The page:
Questioning the “Gospel of Marcion”—Pt. 5

The prior posts in this series have alerted us to the dual meanings of “gospel” in antiquity, and also to the argument—apparently broached here for the first time—that Tertullian (the primary ancient witness to Marcion’s “gospel”) never had a text of the arch-heretic in mind at all. In support of this view one can point to the astonishing fact that in all of Tertullian’s five books Against Marcion (AM), one nowhere encounters a clear citation from a text that we could call the “Gospel of Marcion” (see below). This is damning, for it is impossible that the Church Father would critique a text while never offering a quotation from that text! Who critiques a text without repeatedly citing it? After … Continue reading

Questioning the “Gospel of Marcion”—Pt. 4

We have seen that the word “gospel” (euangelion/evangelium) had the principal meaning “good news, doctrine, teaching” in ancient times. This was certainly the case until the new Christian literary form of gospel as written narrative of Jesus’ sayings and doings became broadly known—that is, until the third century. The dialog furnished in the previous post showed that, still in the fifth century, the general meaning of evangelium far outweighed the textual meaning of the word. With our ability to carefully discriminate the two meanings of “gospel,” we now turn to the principal source used for the textual reconstruction of the alleged Gospel of Marcion. It is Tertullian’s massive opus, Against Marcion, in five books. Book Four is the main source … Continue reading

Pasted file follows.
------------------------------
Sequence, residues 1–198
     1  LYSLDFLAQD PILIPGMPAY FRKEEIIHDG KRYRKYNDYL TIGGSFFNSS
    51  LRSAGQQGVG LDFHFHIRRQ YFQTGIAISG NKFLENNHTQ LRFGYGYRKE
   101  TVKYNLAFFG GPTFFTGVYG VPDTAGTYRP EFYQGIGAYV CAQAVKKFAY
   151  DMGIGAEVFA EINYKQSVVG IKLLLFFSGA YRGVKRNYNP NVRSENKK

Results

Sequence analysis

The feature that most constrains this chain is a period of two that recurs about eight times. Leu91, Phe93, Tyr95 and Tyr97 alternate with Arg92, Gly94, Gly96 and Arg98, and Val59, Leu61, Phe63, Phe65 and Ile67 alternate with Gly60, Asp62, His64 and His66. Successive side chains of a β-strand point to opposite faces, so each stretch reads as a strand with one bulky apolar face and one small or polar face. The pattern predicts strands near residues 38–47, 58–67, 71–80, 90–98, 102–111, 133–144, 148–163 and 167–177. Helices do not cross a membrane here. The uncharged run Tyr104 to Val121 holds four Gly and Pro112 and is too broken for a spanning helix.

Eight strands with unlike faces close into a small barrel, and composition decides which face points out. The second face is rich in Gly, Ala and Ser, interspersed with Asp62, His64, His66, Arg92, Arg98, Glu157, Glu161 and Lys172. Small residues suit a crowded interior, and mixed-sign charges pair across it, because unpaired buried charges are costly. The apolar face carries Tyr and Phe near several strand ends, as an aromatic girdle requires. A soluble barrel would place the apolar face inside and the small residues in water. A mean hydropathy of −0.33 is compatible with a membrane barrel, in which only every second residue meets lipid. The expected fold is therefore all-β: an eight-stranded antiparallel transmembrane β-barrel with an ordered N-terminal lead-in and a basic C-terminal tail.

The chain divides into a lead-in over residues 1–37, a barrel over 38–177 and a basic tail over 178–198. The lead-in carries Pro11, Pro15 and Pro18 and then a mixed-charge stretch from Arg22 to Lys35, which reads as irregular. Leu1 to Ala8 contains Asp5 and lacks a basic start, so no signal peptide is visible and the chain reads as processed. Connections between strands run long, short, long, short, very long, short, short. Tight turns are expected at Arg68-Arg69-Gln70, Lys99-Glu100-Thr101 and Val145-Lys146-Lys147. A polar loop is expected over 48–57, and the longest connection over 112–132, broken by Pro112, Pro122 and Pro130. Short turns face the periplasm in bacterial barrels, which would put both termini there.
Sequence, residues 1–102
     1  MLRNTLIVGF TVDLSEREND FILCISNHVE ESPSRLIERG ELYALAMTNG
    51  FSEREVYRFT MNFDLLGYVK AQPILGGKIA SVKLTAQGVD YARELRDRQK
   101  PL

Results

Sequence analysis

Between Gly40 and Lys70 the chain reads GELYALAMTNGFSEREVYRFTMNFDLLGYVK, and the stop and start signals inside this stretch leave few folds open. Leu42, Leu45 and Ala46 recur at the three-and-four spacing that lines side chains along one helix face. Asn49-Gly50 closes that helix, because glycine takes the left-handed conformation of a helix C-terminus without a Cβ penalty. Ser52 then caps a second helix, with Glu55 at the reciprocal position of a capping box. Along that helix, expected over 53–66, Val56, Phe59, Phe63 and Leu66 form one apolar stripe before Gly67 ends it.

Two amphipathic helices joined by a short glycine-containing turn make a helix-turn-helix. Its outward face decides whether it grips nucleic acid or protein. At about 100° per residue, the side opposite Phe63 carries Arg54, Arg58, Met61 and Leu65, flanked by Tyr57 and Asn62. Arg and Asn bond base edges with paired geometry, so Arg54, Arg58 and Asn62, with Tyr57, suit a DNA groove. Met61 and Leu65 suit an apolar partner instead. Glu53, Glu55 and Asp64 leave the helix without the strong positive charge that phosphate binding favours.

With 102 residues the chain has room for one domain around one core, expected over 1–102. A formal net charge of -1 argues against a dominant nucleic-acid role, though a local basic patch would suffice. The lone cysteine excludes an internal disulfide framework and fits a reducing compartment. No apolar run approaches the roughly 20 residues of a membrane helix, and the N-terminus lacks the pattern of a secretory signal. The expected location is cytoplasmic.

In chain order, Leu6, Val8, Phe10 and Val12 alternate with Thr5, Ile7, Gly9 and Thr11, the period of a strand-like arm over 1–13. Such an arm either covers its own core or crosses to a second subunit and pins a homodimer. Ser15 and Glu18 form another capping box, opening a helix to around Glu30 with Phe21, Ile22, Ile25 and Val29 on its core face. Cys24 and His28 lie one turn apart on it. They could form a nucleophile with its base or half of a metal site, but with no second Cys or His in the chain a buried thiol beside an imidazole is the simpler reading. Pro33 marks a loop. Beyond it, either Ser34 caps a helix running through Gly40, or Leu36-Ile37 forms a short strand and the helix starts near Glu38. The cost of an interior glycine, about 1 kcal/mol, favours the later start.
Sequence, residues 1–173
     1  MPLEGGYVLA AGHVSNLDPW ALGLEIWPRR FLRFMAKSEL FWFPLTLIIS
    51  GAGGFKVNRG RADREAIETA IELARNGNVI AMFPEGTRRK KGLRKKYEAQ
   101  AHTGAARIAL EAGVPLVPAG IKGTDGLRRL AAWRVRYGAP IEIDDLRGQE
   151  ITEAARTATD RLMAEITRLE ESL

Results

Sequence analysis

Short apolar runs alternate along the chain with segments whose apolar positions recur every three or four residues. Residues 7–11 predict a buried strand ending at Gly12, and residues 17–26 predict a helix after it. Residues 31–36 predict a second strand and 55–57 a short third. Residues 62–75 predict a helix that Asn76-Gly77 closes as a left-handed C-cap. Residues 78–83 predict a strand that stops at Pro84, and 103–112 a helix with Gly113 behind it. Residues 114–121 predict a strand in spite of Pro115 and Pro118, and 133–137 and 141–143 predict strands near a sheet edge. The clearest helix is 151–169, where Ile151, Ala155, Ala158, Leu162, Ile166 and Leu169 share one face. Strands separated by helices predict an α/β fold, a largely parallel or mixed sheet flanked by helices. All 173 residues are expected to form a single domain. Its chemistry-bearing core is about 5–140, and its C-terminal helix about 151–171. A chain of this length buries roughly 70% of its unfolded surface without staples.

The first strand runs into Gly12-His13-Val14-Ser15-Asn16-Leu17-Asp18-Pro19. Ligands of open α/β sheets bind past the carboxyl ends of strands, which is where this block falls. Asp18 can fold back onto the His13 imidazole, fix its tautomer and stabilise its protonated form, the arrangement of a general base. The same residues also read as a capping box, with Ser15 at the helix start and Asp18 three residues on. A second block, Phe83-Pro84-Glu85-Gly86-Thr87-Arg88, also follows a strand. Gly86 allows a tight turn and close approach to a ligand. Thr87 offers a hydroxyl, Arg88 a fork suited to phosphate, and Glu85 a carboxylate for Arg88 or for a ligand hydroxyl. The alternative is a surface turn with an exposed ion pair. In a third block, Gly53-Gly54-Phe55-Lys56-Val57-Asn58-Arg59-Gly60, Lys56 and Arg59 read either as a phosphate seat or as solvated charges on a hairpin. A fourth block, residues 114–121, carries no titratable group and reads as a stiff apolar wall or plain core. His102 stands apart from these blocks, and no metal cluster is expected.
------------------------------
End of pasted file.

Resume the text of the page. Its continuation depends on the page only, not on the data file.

Questioning the “Gospel of Marcion”—Pt. 3

The word “gospel” The Greek word euangelion (and its Latin equivalent, evangelium) is a critical and ambivalent term. It has two principal meanings: (a) “good news, doctrine, teaching”—this is the general, or abstract meaning; and (b) a written text combining the sayings and the doings (logia and praxeis) of Jesus in narrative form. The two meanings—general and specific—are encompassed by the English term “gospel.” After all, today we speak of gospel in the general sense (cf. the phrases “the gospel of Christ”; “My gospel is…”) and also in the more specific sense referring to one or another named Christian text (“the Gospel of Matthew”). In the Greek and Latin records, euangelion/evangelium has also encompassed both meanings—sometimes used side-by-side—from antiquity right … Continue reading

Questioning the “Gospel of Marcion”—Pt. 2